chapter  7
30 Pages

Speech Perception in Reading

ByMildred C. Robeck, Randall R. Wallace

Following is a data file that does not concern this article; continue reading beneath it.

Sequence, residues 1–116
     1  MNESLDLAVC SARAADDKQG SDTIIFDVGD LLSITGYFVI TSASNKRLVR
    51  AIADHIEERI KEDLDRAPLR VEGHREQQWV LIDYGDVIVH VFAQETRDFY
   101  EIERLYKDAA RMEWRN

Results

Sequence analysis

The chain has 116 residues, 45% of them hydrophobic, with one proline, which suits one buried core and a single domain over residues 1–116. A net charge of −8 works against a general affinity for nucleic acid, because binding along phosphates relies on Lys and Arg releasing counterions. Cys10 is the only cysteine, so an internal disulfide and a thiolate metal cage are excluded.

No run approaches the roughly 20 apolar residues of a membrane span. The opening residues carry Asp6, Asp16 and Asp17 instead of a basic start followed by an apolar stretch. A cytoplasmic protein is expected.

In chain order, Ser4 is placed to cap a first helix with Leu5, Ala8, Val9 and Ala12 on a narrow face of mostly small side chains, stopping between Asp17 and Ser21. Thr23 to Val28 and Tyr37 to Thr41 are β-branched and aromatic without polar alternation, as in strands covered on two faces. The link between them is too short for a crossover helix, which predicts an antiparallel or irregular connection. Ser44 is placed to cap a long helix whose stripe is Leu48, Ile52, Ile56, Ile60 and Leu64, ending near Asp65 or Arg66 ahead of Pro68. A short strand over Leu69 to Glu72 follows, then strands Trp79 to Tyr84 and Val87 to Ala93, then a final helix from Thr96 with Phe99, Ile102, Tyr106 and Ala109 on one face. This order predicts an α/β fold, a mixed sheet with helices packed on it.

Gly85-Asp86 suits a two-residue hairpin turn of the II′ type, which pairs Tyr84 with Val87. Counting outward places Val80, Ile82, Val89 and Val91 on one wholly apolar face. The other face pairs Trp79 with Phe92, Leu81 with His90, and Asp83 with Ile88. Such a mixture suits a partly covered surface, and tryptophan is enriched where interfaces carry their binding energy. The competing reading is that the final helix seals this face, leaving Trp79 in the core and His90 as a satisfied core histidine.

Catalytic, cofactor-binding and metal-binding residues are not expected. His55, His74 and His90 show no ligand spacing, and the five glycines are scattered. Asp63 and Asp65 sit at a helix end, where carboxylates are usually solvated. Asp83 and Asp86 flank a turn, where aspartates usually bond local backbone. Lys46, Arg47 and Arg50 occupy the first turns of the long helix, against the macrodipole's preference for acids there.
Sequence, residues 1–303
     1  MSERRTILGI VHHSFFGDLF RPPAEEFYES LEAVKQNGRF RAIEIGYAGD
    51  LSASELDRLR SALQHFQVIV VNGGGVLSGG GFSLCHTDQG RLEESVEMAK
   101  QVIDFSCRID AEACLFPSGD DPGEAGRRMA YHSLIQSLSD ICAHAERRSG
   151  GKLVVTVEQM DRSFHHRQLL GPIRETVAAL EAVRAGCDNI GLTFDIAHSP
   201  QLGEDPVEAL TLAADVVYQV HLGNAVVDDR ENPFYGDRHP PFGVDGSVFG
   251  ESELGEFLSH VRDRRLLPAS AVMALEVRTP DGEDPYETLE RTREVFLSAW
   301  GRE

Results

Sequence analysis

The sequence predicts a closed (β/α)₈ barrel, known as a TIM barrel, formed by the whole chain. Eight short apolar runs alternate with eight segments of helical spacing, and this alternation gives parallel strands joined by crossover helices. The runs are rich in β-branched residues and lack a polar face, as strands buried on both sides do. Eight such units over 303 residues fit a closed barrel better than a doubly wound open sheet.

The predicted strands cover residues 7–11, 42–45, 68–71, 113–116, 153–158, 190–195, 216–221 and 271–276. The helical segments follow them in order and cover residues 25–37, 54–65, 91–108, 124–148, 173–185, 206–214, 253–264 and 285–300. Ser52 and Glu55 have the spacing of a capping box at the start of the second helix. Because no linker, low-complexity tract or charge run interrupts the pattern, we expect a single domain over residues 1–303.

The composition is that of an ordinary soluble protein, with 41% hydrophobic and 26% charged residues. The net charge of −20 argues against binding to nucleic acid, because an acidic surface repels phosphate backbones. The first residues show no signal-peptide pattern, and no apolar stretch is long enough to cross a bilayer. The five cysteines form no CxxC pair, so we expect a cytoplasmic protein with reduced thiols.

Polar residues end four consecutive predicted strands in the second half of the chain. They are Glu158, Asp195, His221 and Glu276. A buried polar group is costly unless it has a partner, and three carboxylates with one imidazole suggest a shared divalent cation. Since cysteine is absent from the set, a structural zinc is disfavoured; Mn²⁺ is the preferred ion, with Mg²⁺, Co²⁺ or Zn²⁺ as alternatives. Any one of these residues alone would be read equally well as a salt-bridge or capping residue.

Auditory perception of speech has become an important topic in the psychology of reading, in part because reading and speech comprehension access a common store of words. Several decades of research has established phonemic analysis training as one of the most promising techniques in the improvement of reading skills. Researchers across disciplines have demonstrated the role of prosodic structure in spoken word recognition and the importance of speech acquisition to reading. Both auditory perception of phoneme units and the comprehension of continuous speech are so directly related to instruction at the beginning stages of reading that knowledge of the mechanisms involved is basic to a psychology of reading. The acquisition of language requires accurate reception at the wavelength frequencies that convey speech and at levels of loudness used in conversation. Roman Jakobson and his colleagues are generally credited with the conceptualization of spoken language as a sequence of phonemes, each distinguishable from all other phonemes.